Faced with the difficulty of finding a job in his field, Yang Jian, an architecture graduate, finally decided to turn to short video content creation. He now works 12 hours a day and earns an average of 10,000 yuan ($1,441) a month, which is more than the average salary of other young graduates. “By working hard, I will [eventually] be able to earn a good salary, as much as if I were working in a more traditional sector,” he told Qilu Evening News.
According to a report of Meituan, an online platform, 24.6 percent of workers who have found employment in emerging professions earn more than 10,000 yuan ($1,441) per month and 5.64 percent have an income of more than 25,000 yuan ($3,603) per month.
In fact, there are many more new professions than the 38 officially recognized categories. Other alternative careers that are gaining in popularity include storage consultant and pet photographer.
Employment acts as the “barometer” of an economy. On the one hand, new jobs are meeting the demands of the booming market. On the other hand, they themselves create new demands for different professional skills.
In recent years, new digital technologies, such as cloud computing, Big Data, the Internet of Things (IOT) and artificial intelligence (AI), have developed rapidly in China. According to the China Internet Information Center, China’s digital economy accounts for more than one-third of its current GDP and this share is bound to increase exponentially in the future. Moreover, new digital technologies have been successfully integrated into traditional sectors. This combination has given rise to new business models, which have generated a large number of jobs, Pan Helin, Executive Director of the Academy of Digital Economy at the Zhongnan University of Economics and Law, in central China’s Hubei Province, told 21st Century Business Herald.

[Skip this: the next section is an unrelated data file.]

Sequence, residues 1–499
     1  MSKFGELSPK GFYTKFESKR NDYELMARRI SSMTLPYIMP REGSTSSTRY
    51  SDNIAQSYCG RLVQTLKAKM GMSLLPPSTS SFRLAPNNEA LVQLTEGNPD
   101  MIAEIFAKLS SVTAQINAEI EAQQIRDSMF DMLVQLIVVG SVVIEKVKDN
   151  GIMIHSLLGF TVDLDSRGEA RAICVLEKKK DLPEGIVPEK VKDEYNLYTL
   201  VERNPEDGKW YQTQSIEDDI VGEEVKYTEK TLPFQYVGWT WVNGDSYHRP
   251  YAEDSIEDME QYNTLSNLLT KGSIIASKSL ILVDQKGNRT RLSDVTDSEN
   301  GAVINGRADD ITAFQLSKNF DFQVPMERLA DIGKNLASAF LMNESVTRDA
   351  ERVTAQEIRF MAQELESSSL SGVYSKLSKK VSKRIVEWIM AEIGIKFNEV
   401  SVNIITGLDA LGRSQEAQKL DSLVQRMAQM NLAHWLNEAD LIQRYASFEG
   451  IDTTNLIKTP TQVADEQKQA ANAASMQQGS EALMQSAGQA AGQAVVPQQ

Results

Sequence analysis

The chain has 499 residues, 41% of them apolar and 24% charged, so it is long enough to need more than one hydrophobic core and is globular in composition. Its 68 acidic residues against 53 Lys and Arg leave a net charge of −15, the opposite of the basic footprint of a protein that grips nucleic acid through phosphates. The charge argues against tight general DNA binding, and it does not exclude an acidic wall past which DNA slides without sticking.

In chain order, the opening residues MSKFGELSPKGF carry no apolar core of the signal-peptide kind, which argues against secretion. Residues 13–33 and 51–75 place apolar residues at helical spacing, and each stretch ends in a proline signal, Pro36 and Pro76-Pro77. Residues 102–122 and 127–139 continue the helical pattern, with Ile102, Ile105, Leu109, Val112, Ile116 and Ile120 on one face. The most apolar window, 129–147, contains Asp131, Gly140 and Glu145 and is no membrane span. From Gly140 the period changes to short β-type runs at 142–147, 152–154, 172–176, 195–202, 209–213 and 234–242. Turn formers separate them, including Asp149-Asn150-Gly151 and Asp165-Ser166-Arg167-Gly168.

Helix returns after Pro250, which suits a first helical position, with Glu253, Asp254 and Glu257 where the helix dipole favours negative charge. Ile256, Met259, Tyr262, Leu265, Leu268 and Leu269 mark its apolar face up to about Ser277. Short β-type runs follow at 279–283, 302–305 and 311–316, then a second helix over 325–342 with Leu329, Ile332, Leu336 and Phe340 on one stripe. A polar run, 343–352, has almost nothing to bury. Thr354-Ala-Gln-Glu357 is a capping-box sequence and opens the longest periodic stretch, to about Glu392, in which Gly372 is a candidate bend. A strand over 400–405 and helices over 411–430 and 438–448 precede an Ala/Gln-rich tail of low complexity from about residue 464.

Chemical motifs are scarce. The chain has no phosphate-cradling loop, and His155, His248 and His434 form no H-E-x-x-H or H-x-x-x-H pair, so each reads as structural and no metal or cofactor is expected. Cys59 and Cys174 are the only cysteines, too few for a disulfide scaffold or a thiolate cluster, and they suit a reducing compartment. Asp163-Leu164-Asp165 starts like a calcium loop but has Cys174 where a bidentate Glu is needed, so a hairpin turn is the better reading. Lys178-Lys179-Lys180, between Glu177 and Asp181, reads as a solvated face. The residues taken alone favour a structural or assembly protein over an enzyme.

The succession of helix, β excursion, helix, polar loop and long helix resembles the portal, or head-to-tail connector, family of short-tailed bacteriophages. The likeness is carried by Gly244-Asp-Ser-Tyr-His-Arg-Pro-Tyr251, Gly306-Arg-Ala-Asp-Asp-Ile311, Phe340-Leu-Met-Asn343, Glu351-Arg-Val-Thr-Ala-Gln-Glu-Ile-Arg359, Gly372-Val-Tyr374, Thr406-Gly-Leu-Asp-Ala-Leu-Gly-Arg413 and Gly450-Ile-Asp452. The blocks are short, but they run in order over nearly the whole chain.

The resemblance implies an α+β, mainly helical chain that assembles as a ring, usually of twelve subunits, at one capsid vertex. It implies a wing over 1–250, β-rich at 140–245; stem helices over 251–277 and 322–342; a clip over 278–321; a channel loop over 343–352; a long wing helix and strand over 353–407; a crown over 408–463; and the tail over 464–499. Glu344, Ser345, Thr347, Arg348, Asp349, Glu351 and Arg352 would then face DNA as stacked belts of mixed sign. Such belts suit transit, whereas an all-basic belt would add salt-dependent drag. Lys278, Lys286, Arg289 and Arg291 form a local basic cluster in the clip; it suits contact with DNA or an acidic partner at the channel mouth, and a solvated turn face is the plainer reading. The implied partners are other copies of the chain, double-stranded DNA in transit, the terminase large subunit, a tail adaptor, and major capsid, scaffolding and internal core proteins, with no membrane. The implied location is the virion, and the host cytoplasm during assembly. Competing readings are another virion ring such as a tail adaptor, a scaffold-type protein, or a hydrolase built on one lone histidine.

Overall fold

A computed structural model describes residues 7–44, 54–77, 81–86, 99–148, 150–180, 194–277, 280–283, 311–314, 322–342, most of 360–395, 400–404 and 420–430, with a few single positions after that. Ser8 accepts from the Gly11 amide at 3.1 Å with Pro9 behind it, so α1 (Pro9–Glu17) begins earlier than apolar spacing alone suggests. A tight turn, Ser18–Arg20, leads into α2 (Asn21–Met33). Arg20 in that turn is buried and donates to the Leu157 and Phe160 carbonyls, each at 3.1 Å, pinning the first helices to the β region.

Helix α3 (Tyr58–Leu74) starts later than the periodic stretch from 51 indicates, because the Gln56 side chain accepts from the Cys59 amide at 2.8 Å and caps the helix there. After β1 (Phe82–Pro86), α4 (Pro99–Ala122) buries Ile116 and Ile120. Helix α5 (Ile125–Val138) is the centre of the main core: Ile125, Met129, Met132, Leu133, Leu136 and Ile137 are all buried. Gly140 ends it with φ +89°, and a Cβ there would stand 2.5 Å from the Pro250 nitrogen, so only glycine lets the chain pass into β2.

On July 15, China’s National Development and Reform Commission and 12 other central departments jointly issued a directive to support the development of 15 new business models, such as distance learning, automated economy, sharing economy and telemedicine in the country.
Currently, the development of digital technologies has influenced all aspects of modern life, even traditional sectors such as marketing and sales. According to the MOHRSS, the growth of e-marketing sectors such as short video production and livestreaming has attracted more than 800 million regular users. As a result, the number of e-marketing experts has grown rapidly in China, at a rate of 8.8 percent per month. Many SMES and microenterprises have been revitalized by launching online sales channels, generating sales of 100 billion yuan ($14.41 billion).
New digital technologies have been successfully integrated into traditional sectors. This combination has given rise to new business models, which have generated a large number of jobs. PAN HELIN Executive Director of the Academy of Digital Economy at the Zhongnan University of Economics and Law